In the computer science industry, the use of machine-learning and data-based algorithms is quickly growing in popularity. There are countless applications of the tool, from predicting what Netflix shows you’d enjoy to self-driving cars. However, with high-level computer science algorithms comes the influence of bias and potential ethical concerns — many of which aren’t addressed in courses required by degree programs in the field.
Recently, Twitter came under fire for the neural network used to create photo previews on user timelines. It was found that previews choose the faces of white individuals over those of people of color. Researchers explained that this was primarily due to the fact that the network wasn’t trained with face detection, leading to the bias.
While the company hadn’t found any evidence of racial or gender bias in its internal testing, the Twitter communications team pledged to open-source its work for further review. Zoom, the video call platform that quickly rose in popularity with the push in online courses and meetings, had similar issues with recognizing the faces of Black people who use a virtual background.
Although these issues may seem trivial, they represent a larger trend of racism in technological tools put out by large names in the industry. Google created an algorithm that mistakenly labeled Black people as gorillas, and another algorithm allowed Microsoft’s Tay chatbot to become racist and profane, due to how the bot used data from the internet.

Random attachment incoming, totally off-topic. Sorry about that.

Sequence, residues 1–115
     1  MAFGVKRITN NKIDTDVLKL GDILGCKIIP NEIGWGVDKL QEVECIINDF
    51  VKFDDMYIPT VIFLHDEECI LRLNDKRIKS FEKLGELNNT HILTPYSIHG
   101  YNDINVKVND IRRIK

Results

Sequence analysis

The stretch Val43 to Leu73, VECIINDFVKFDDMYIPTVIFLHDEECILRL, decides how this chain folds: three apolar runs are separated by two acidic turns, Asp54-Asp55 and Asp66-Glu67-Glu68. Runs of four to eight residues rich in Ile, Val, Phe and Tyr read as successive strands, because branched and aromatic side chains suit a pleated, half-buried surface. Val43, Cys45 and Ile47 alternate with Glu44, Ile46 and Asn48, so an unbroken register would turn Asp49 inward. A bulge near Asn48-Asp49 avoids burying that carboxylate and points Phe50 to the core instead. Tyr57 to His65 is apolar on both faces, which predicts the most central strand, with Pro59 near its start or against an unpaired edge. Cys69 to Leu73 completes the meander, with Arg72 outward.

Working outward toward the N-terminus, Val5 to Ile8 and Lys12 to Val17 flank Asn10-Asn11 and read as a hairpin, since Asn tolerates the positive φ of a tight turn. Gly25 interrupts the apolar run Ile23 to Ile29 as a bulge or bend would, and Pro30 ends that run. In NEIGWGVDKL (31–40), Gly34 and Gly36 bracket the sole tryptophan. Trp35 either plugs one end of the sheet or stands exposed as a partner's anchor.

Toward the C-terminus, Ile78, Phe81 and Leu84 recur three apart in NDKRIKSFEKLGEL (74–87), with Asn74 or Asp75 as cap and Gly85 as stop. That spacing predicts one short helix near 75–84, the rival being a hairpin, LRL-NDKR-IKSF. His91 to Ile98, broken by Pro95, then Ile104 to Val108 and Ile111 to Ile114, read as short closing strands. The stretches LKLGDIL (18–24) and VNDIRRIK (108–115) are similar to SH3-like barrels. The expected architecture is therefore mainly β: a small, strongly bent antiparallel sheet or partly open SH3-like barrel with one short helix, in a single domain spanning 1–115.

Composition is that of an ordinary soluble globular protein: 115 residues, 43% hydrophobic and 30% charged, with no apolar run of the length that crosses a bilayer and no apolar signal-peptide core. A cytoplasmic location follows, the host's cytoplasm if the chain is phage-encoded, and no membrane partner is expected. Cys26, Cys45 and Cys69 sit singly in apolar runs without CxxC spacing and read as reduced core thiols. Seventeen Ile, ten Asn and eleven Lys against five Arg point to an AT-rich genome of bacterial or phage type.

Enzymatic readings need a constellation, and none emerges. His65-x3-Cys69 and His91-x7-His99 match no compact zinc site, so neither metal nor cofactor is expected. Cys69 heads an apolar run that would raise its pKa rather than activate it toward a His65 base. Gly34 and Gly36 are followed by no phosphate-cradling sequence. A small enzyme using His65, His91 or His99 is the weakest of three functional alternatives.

These problems can partly be linked to the racial disparity in the workforce. In 2014, Apple, Facebook, Google and Microsoft released their first diversity reports and pledged to increase diversity in their company makeup. Since then, each of those employers has made immense advancements in technology, but not so much in who they’ve been hiring.
But, in data from 2019, the number of U.S. technical employees at Google and Microsoft who are Black or Latinx rose by less than a percentage point, while Apple’s did not move from six percent. While things have somewhat improved for women since 2014, there is still no company that is close to achieving parity with white and Asian men in the technological workforce.
Without a diverse group of coders and individuals involved in technological development processes, it’s often difficult to provide a rounded assessment of algorithms from a group with differing perspectives before they go out to production, allowing mishaps such as those experienced at Twitter and Zoom.
This isn’t just an issue within the computer science industry — questionable results and science occur across other research fields as well.
An example came earlier this week when a trio of researchers published a paper in Nature that borders on phrenology, claiming to evaluate trustworthiness of a person using machine learning based on their physical features. Researchers on Twitter were quick to point out the flawed set of assumptions, questionable methodology and analysis, superficial engagement with art history and a disregard for sociology and economics. The project has drawn connections to the way police departments have attempted to use empirical analysis to legitimize their racial profiling through surveillance technology and predictive analytics.